22 May 2014
Mark Di Stefano
With Asian holidaymakers flocking to Australia’s north, Indigenous tour operators in the Top End are readying to reap the rewards.
Tourist numbers in the Northern Territory have doubled over the past three years, with visitors from China and its Asian neighbours leading the charge.
On the western edge of Arnhem Land, Neville Namarnyilk is selling his tour to operators new to the Territory, offering small groups time with passionate elders, leaving them with a deep impression.
“Look up there, our ancient story up there. Him is up there – Nadera,” Mr Namarnyilk said.
“We call him Nadera the great hunter the great spirit giver. The great spirit.”
Mr Namarnyilk is among those hoping to benefit from the huge pivot of Asian tourism to the north of Australia
Tour operator Greg Price says contact with Australia’s Indigenous communities enriches tourists’ experience of the country.
“It’s really important to offer that option to people,” he said.
“Otherwise they’ll come up here to Kakadu and Litchfield and never meet … the people who have actually been here for so very long.”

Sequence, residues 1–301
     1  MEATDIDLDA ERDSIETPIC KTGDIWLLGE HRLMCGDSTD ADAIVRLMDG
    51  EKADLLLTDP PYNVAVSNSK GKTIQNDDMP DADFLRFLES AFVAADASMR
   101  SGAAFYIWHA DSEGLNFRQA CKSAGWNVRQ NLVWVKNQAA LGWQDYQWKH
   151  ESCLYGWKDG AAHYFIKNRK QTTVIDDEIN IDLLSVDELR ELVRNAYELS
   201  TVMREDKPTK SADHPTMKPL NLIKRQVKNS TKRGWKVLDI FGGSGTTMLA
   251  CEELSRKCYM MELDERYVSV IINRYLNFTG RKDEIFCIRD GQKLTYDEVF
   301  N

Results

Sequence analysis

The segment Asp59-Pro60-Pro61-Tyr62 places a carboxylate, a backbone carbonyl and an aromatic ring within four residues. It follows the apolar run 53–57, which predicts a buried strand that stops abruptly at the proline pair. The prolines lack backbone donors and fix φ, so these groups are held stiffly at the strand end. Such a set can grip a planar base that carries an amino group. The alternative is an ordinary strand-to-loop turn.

China, Taiwan, Honk Kong, Korea lead tourism charge
Operators say the biggest increase in nights spent in the Territory recently is among tourists from China, Taiwan, Hong Kong and Korea, as well as adventurous Kiwis.
Recent government advertising is also zeroing in on the Chinese
“A countryside that is unpolluted, that is accessible, that is not like the countryside in China, that’s part of the key experience,” said Darryl Guppy of the NT Australia China Business Council.
“The unique approach, the unique wildlife, the unique landscapes, that make the Territory a very saleable destination for Chinese tourists.”
Chinese tour operators are also hoping to cash in on the Territory’s appeal, trawling Facebook and the Chinese equivalent of Twitter, Weibo, looking for new customers.
“This our homepage of Weibo. And it’s called Uluru Chinese tour. In Chinese it says ‘Speaks Chinese’,” said Steven Wang.
Mr Wang targets those who have been to Australia before, but visited Sydney and Melbourne and now want something different
“They are very interested in learning about the way Aboriginal people are living and also the way they are looking after the land,” he said.
Courtesy of ABC News